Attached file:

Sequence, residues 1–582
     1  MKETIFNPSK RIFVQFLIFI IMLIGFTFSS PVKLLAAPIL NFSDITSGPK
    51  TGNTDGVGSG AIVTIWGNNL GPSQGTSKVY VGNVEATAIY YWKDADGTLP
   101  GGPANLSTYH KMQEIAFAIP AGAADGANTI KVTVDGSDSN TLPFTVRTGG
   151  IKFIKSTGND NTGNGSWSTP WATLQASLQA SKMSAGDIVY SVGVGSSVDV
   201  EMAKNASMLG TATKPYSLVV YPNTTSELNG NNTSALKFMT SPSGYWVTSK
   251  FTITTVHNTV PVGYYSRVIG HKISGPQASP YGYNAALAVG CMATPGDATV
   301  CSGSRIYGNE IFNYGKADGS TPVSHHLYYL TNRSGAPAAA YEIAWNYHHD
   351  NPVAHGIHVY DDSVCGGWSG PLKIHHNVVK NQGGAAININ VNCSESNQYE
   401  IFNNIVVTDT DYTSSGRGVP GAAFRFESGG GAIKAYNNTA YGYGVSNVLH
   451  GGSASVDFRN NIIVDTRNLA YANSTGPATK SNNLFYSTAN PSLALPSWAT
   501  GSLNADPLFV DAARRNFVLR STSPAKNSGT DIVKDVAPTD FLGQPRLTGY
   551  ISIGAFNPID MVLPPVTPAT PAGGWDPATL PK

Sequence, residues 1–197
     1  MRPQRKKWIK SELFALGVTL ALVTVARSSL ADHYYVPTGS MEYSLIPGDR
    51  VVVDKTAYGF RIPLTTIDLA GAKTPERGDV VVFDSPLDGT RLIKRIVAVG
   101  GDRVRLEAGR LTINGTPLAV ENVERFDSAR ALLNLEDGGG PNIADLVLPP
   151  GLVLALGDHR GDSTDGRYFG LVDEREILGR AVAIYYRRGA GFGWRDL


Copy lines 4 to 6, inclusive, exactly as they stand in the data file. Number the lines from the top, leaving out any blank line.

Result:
   101  GGPANLSTYH KMQEIAFAIP AGAADGANTI KVTVDGSDSN TLPFTVRTGG
   151  IKFIKSTGND NTGNGSWSTP WATLQASLQA SKMSAGDIVY SVGVGSSVDV
   201  EMAKNASMLG TATKPYSLVV YPNTTSELNG NNTSALKFMT SPSGYWVTSK